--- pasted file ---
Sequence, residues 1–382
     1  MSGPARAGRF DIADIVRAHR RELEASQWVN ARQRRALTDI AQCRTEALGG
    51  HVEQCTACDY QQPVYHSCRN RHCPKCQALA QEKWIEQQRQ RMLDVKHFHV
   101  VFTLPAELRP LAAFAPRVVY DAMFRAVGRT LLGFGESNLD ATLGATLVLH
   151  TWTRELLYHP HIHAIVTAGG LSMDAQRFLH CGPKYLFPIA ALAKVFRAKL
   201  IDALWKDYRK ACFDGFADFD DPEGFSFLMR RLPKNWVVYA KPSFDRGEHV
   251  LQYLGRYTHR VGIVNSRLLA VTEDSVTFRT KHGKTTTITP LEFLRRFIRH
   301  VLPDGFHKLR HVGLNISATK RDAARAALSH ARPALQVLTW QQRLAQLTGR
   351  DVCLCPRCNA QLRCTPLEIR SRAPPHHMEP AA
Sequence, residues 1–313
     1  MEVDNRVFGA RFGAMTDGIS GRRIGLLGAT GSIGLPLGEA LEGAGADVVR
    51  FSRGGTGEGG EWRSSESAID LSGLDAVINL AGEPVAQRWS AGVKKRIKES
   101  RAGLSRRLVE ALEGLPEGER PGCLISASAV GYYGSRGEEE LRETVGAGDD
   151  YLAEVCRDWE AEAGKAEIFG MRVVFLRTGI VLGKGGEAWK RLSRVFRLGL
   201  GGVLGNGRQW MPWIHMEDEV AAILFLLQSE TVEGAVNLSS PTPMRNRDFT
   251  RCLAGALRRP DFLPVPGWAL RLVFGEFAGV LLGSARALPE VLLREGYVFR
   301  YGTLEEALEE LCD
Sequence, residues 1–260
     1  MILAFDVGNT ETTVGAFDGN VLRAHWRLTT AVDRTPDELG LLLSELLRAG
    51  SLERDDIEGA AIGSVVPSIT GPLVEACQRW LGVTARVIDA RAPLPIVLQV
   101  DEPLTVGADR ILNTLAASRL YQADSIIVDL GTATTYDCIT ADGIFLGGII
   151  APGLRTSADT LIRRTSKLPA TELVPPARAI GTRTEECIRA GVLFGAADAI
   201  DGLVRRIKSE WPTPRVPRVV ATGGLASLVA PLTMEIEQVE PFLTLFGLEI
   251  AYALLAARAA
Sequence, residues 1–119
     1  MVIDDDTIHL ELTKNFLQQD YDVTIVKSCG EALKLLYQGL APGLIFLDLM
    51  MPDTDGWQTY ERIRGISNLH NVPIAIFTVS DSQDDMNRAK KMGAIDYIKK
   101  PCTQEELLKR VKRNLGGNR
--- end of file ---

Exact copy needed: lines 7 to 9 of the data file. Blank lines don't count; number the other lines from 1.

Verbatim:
   251  LQYLGRYTHR VGIVNSRLLA VTEDSVTFRT KHGKTTTITP LEFLRRFIRH
   301  VLPDGFHKLR HVGLNISATK RDAARAALSH ARPALQVLTW QQRLAQLTGR
   351  DVCLCPRCNA QLRCTPLEIR SRAPPHHMEP AA